Navy given a traditional welcome in Rabaul

This article has photo gallery Published on LEUT Kara Wansbury (author), ABIS Richard Cordell (photographer)

Location(s): Rabaul, Papua New Guinea

Members of the Tolai tribe perform an initiation ceremony for Commodore Peter Scott and Petty Officer Oliver Kause in Rabaul, Papua New Guinea. (photo: ABIS Richard Cordell)
Members of the Tolai tribe perform an initiation ceremony for Commodore Peter Scott and Petty Officer Oliver Kause in Rabaul, Papua New Guinea.

Commodore Peter Scott and Petty Officer Oliver Kaese were granted a once in a lifetime experience today, when they were inducted into the Tolai tribe by its elders, at a ceremony in Rabaul, Papua New Guinea.

The ceremony began with a change into traditional dress - a lap-lap with shell money attached to the belt. Once Commodore Scott and Petty Officer Kaese were dressed, they emerged from the sacred men’s hut to commence the ceremony. 

Members of the Tolai tribe perform an initiation ceremony for Commodore Peter Scott and Petty Officer Oliver Kause in Rabaul, Papua New Guinea.

Members of the Tolai tribe perform an initiation ceremony for Commodore Peter Scott and Petty Officer Oliver Kause in Rabaul, Papua New Guinea.

Intended to welcome and initiate, the ceremony also has religious and political meanings; it represents a form of law and order through its presiding spirits. In ritual dances, members of the society invoke the male spirit duk duk and female spirit tubuan, depending on which mask the dancer wears.

Both types of mask are cone-shaped and are constructed of cane and fibre. Traditionally the duk duk was taller than the tubuan and was faceless. Both masks had short, bushy capes of leaves, which cover the torsos of the dancers so that only their legs are visible.

Commodore Peter Scott and Petty Officer Oliver Kause during their inititation ceremony in Rabaul, Papua New Guinea.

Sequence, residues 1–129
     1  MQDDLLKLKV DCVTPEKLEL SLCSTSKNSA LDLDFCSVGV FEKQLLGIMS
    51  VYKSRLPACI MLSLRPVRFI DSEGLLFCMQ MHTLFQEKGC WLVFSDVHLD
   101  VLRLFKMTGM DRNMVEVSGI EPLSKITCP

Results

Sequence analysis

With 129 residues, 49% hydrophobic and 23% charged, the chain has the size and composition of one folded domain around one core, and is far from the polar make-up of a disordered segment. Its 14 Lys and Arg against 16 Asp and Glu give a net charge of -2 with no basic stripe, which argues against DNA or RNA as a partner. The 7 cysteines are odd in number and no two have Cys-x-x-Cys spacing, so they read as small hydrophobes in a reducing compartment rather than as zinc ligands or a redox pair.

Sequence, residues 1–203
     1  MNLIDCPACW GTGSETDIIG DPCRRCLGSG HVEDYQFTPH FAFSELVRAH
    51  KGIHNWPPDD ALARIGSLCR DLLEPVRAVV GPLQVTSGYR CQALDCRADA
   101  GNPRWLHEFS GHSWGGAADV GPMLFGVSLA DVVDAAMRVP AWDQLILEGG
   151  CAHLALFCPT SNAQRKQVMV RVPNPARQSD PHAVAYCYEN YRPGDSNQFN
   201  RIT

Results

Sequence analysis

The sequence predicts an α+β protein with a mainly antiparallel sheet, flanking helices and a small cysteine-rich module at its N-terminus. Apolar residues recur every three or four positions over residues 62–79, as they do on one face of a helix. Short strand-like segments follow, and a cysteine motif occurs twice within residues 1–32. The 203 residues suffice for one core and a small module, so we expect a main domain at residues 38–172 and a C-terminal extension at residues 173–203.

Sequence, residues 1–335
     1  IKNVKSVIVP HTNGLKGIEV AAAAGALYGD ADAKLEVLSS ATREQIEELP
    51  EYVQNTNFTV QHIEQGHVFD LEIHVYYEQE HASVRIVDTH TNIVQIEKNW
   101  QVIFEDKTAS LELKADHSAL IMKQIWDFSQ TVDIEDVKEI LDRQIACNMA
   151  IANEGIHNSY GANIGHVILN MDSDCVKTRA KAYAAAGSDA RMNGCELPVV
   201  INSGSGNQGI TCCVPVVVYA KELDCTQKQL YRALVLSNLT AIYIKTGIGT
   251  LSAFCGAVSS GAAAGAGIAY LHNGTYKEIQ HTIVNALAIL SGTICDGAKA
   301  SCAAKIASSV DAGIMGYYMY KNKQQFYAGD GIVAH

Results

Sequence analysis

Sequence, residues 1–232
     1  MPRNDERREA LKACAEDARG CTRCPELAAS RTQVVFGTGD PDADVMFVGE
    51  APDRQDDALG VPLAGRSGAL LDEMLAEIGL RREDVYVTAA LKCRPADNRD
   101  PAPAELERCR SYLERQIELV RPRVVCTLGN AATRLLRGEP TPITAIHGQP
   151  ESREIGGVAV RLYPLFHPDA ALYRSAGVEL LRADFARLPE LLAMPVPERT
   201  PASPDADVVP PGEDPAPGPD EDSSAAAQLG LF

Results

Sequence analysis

Commodore Peter Scott and Petty Officer Oliver Kause during their inititation ceremony in Rabaul, Papua New Guinea.

Commodore Scott said the welcome was a tremendous privilege.

“We, the Australian Navy, have come here for a number of reasons, not the least of which is to be friends with the Tolai people and to enjoy their hospitality,” Commodore Scott said.

The initiation for Petty Officer Kaese, born in Rabaul, was particularly poignant.

“I left here when I was very young and didn’t get to go through that traditional role and initiation, which is the rights to your area. Without that, you are just a visitor,” Petty Officer Kaese said.

The ship’s company of HMAS Yarra and the Sydney detachment of the Royal Australian Navy Band watched the three-hour ceremony, along with well over 300 locals. The local Chief, Geoffrey Maira, said it was a rare event. 

“Tubuan society is very important in the Rabaul district. This does not happen often, only on special occasions,” he said.

“And an even rarer event still is initiating a local born sailor, who lives in Australia.”

“It is great that Oliver can be back here and be initiated into the Tubuan society, as he has been in the Navy for so long. We are privileged to have him back here to be initiated,” he said.

HMAS Yarra and the Sydney detachment of the Royal Australian Navy band are in Rabaul for Centenary of Anzac commemorations marking the Battle of Bita Paka and the loss of HMAS AE1.

Sub Lieutenant Ivanka Zeko interacts with children from the Tolai tribe in Rabaul, Papua New Guinea.

Sub Lieutenant Ivanka Zeko interacts with children from the Tolai tribe in Rabaul, Papua New Guinea.